logistic information for pilgrims, with unusual attention to ethnographic descriptions. It begins with the difficult organisation, e.g., the procurement of a passport, ‘without which one cannot go to Jerusalem’, from the Doge Nicola da Ponte in Venice, and a meeting with the Custodian of the Holy Land, Geremia da Brescia. It also reports the text of documents he needed to present to authorities along the way. The account continues with his journey to Greece and Cyprus via Dalmatia, thence to Cyprus, Jerusalem, Tripoli and Egypt. In addition to a long section on the customary holy places he visited in Jerusalem, he also mentions the situation of the Ottoman occupation in the Eastern Mediterranean. Most fascinating is the long third section, on Egypt, where he describes the ‘glory’ of Memphis and devotes three pages to the pyramids of Giza, with references to Pliny and the story of Rodopis, the prostitute who allegedly built the third pyramid with money earned through her profession. Scattered in the third part are also descriptions of Egyptian mummies, including a reference to the recent decree forbidding the trade in and export of mummies, which were used by European apothecaries for medicaments.

Only National Library of Poland copy recorded.

Estreicher, Bib. Polska, 184828; Brunet IV, 1087 (mentions first Polish ed. of 1617 [i.e., 1607] only). Not in Röricht, Bibliotheca Geographica Palaestinae. F.T. Noonan, The Road to Jerusalem (Philadelphia, 2007); P.G. Longo, Memorie di Gerusalemme (2010).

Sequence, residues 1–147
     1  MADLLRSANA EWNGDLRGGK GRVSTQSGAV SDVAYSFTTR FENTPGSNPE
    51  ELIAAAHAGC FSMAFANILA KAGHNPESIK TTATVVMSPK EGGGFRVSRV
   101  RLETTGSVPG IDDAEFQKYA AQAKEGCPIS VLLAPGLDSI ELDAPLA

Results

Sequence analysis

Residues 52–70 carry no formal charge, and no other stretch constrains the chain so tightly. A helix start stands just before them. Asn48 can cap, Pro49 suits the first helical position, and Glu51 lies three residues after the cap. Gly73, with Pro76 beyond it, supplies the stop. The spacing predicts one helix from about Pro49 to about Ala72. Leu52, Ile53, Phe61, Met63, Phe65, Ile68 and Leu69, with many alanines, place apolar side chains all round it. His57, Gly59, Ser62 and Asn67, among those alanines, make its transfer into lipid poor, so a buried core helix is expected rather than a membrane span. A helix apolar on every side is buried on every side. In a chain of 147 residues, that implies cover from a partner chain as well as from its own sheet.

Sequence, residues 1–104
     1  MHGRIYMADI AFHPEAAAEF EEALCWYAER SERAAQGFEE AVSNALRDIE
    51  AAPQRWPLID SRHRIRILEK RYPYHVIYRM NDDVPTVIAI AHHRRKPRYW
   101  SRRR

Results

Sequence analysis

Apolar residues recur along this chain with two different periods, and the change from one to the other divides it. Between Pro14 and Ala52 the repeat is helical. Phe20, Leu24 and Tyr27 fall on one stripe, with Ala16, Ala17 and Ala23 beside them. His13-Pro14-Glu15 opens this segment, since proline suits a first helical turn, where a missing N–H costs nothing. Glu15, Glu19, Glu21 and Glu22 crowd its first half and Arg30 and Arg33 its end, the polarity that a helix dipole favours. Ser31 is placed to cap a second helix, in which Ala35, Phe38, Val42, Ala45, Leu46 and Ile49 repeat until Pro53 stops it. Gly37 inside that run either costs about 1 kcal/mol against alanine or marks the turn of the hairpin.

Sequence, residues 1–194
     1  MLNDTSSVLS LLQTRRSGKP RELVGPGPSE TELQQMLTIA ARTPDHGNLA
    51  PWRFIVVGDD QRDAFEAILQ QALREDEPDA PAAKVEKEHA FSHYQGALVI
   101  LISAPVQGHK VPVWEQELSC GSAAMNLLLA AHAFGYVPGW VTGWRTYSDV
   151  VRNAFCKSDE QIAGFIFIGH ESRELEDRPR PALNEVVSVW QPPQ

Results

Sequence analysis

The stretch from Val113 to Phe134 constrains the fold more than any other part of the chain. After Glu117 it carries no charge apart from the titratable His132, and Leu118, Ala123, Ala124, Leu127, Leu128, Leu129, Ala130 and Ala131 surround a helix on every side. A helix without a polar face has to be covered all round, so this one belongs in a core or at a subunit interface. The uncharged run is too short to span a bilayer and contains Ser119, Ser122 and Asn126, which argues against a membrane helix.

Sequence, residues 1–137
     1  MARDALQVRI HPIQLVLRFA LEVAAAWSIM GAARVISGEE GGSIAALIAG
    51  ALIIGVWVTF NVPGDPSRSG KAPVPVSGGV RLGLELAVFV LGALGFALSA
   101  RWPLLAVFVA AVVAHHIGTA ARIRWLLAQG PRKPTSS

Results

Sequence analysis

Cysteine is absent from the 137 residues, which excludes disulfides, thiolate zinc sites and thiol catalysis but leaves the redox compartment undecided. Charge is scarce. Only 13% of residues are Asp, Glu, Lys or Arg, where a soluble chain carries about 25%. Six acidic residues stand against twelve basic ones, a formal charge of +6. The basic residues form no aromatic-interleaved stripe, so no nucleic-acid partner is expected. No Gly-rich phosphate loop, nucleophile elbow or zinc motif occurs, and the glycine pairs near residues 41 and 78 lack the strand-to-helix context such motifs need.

L3363

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SANDYS, George

A relation of a iourney begun an: Dom: 1610. Foure bookes. Containing a description of the Turkish Empire, of Ægypt, of the Holy Land, of the remote parts of Italy, and ilands adioyning

London, Printed [by Thomas Cotes] for Ro: Allot, 1627

£2,750

Folio pp. (iv) 309 (i), two fldg. engraved plates, without last blank. Mostly Roman letter, some Italic. Fine engraved architectural title by Delaram depicting Isis, the Sibyl and ‘Achmet’, Truth and Constance above, the Cumaean Sibyl below, double full page map of the eastern Mediterranean and Near East, smaller double-page engraved view of the sultan’s seraglio, 46 fine illustrations of places and costumes engraved in text, many after Natale Bonifacio, variant issue without the engraving, often missed, intended to fill a blank spot left on D4v. General light age-yellowing, double page view with two small tears, the occasional mark or spot. A very good copy in early C20th half calf over early marbled paper boards, spine with gilt ruled raised bands, gilt fleurons, red morocco label gilt, a.e.g.